Saturday, April 07, 2007

Unintended Consequences: Banning the Incandescent Lightbulb

As the political will to ban incandescent lightbulbs has picked up steam over the last several months, a number of smart thinkers out there have begun to think of the unintended consequences of such acts. The American Thinker has an article up which nicely outlines a number of these unintended consequences, from the increase of mercury waste to increased energy prices in off-peak hours with no reduction in coal plant numbers. I strongly suggest that everyone read it before legislation enacting these bans pick up much more momentum.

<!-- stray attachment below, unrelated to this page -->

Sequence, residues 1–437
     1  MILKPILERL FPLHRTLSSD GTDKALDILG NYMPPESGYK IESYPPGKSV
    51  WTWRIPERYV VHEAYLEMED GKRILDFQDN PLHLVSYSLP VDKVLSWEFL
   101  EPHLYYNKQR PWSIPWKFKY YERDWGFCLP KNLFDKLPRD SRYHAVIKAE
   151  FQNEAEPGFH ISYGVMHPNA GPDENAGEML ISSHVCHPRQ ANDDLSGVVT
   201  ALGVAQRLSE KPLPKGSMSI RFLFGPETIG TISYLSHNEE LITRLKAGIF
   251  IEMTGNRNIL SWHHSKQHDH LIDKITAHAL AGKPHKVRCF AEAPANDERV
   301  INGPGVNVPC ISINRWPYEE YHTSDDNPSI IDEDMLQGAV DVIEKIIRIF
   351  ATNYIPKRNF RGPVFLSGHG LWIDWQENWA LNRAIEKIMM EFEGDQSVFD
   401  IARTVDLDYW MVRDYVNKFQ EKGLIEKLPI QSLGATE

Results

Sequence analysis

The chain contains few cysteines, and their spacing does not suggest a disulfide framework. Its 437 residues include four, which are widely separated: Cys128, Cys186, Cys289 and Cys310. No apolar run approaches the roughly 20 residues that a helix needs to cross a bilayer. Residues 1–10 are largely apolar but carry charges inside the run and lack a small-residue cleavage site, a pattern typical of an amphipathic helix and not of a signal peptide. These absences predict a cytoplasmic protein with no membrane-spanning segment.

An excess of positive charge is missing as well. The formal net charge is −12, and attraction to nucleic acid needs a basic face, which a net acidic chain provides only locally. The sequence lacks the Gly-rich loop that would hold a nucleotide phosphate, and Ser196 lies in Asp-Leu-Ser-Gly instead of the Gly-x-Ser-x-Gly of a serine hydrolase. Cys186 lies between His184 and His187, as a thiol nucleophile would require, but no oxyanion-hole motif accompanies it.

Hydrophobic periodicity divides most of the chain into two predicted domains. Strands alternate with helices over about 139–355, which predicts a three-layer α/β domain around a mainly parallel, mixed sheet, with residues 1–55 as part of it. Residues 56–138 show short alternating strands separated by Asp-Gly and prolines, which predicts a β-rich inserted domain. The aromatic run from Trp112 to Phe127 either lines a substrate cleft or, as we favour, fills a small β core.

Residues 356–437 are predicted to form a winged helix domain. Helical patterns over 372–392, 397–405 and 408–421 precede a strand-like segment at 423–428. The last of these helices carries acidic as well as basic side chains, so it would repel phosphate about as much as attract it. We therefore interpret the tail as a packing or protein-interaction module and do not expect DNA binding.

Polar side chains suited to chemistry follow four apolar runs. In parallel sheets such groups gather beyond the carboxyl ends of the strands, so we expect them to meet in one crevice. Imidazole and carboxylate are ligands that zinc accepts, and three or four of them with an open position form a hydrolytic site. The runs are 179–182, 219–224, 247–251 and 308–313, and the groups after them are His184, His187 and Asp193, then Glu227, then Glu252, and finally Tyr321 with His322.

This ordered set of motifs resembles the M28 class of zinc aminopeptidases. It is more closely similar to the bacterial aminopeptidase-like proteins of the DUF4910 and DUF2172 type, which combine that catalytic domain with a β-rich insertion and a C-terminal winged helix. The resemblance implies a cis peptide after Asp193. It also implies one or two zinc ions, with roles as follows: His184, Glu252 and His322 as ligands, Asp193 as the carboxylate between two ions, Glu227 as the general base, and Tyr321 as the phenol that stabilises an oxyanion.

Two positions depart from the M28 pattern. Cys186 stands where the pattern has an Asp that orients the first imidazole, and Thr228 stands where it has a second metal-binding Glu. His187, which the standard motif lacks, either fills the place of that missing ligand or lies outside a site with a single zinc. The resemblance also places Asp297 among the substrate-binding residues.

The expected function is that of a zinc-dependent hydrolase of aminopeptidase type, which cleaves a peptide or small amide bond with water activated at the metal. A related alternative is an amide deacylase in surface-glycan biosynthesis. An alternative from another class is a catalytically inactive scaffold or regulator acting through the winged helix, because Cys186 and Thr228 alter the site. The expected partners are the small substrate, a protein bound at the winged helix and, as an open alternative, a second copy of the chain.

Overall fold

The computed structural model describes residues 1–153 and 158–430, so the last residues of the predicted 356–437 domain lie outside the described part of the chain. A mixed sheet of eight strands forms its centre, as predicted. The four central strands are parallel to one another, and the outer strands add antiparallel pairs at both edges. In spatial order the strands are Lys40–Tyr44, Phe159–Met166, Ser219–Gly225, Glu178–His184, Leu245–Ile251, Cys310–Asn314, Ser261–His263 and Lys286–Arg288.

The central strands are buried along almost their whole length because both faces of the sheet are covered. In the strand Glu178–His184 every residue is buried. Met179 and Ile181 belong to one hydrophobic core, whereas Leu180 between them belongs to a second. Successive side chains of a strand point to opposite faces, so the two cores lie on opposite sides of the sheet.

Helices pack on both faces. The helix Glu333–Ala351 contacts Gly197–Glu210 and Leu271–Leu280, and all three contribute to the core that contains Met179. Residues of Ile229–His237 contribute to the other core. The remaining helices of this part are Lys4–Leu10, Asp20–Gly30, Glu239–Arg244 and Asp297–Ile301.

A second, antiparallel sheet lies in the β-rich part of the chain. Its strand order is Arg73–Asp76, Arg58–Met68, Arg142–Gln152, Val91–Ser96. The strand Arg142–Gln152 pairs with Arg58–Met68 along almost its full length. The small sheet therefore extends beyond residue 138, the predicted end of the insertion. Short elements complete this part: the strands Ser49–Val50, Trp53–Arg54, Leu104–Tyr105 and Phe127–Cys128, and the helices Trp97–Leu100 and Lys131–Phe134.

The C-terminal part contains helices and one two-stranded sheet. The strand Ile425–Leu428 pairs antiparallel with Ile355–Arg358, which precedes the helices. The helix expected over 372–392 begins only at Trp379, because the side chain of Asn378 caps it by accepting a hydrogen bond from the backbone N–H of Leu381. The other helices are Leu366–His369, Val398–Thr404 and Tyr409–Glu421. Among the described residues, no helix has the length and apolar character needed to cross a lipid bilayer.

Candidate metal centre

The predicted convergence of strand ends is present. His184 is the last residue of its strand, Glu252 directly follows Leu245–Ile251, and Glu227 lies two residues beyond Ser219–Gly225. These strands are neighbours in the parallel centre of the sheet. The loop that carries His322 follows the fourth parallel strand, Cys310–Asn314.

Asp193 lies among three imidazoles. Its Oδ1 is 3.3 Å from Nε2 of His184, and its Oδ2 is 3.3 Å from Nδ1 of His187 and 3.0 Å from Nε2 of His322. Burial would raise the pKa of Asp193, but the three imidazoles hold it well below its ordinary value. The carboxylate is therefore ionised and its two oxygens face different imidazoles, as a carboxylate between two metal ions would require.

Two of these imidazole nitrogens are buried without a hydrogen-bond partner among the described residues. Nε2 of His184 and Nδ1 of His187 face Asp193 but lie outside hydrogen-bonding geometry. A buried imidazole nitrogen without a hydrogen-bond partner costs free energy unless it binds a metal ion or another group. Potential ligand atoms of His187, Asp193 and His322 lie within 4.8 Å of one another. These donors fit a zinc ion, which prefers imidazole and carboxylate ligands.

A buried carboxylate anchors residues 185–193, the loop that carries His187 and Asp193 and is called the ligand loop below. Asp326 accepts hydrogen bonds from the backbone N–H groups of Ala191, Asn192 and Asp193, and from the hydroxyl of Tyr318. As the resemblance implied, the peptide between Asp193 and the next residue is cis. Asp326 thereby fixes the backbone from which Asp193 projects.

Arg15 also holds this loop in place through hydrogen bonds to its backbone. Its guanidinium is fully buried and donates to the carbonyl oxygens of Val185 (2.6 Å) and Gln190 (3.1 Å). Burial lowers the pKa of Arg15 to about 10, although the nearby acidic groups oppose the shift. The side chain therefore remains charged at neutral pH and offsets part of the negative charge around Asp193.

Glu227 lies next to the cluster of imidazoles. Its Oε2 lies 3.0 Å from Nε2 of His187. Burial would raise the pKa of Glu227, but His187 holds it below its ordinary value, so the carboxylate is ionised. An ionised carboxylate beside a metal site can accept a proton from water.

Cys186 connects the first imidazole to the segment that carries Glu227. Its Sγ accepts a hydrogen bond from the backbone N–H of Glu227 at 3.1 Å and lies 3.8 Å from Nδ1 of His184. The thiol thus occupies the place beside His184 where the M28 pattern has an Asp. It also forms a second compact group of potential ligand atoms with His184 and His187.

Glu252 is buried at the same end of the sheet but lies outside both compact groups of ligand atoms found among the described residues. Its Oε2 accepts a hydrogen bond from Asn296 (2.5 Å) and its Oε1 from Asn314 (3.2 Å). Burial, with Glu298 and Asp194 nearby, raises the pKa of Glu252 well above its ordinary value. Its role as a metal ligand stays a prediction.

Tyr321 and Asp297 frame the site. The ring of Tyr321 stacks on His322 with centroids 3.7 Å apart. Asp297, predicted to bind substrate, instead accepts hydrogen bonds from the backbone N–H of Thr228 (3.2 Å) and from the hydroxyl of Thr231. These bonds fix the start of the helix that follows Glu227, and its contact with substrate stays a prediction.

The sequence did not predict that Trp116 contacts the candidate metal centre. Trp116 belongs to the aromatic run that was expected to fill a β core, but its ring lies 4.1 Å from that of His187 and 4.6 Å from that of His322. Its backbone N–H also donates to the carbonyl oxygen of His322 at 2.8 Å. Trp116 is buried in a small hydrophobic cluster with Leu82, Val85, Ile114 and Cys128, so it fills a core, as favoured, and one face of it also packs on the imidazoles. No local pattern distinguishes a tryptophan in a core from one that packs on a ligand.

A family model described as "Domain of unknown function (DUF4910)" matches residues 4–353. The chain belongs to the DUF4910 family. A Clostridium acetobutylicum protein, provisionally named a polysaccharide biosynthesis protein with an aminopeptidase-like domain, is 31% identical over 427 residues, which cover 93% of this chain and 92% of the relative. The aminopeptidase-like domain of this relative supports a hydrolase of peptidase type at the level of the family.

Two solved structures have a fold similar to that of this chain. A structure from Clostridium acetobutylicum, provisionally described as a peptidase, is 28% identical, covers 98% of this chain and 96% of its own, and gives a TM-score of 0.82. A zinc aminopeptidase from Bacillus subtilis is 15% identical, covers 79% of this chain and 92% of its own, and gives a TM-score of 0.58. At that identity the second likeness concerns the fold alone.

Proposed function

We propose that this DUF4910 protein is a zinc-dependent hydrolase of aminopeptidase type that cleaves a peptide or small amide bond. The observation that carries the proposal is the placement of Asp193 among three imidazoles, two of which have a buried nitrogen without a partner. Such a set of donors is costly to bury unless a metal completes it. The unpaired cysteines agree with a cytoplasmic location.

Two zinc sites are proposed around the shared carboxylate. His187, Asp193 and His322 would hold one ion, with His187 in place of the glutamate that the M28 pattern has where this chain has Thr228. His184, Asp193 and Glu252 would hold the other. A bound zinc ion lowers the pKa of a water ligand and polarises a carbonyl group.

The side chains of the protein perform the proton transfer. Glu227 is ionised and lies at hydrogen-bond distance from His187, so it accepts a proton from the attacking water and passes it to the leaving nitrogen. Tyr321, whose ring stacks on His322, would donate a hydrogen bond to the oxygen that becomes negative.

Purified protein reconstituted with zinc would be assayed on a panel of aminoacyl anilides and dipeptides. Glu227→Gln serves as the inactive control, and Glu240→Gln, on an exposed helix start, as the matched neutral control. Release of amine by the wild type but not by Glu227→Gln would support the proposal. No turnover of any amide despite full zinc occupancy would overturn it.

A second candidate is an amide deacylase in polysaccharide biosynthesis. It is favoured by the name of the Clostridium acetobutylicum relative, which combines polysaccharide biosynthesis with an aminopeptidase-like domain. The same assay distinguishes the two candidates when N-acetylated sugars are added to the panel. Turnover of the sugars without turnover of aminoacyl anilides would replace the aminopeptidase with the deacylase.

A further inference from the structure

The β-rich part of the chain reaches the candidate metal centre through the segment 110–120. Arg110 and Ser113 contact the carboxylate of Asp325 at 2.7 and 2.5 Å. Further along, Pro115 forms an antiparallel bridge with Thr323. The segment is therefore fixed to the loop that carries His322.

On top of the most commonly mentioned side effects of the bans, I have another that I've been thinking about since late this winter. On one particularly cold evening, I was sitting at my computer in my darkened living room, freezing my butt off. The furnace was running almost non-stop to keep the house at 65 degrees. I finally got up an turned on all of the incandescent lights in the living room. After a few minutes, the room felt warmer and the furnace, while still running frequently, took longer breaks in between cycles on. You see, the heat that many view as energy that is wasted by incandescent bulbs actually contributes to the warmth of a house in a colder climate. If we swap out our incandescents for flourescent bulbs, are we going to see a small but significant increase in the use of natural gas and heating oil as furnaces compensate for that lost heat? Most likely, and that little bit of extra burning of fossil fuels is going to eat into savings produced by the switch from incandescents to flourescents.

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